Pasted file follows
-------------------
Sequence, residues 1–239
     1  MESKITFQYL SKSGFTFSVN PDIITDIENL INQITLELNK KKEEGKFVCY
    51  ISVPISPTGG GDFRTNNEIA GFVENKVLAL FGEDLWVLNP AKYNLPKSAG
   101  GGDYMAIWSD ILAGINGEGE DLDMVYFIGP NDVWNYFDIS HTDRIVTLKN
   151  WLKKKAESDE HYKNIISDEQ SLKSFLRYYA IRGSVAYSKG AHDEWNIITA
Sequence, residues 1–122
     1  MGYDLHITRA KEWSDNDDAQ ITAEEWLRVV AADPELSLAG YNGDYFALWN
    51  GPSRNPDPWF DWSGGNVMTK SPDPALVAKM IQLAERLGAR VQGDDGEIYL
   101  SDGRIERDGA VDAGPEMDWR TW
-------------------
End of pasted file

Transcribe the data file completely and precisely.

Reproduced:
Sequence, residues 1–239
     1  MESKITFQYL SKSGFTFSVN PDIITDIENL INQITLELNK KKEEGKFVCY
    51  ISVPISPTGG GDFRTNNEIA GFVENKVLAL FGEDLWVLNP AKYNLPKSAG
   101  GGDYMAIWSD ILAGINGEGE DLDMVYFIGP NDVWNYFDIS HTDRIVTLKN
   151  WLKKKAESDE HYKNIISDEQ SLKSFLRYYA IRGSVAYSKG AHDEWNIITA
Sequence, residues 1–122
     1  MGYDLHITRA KEWSDNDDAQ ITAEEWLRVV AADPELSLAG YNGDYFALWN
    51  GPSRNPDPWF DWSGGNVMTK SPDPALVAKM IQLAERLGAR VQGDDGEIYL
   101  SDGRIERDGA VDAGPEMDWR TW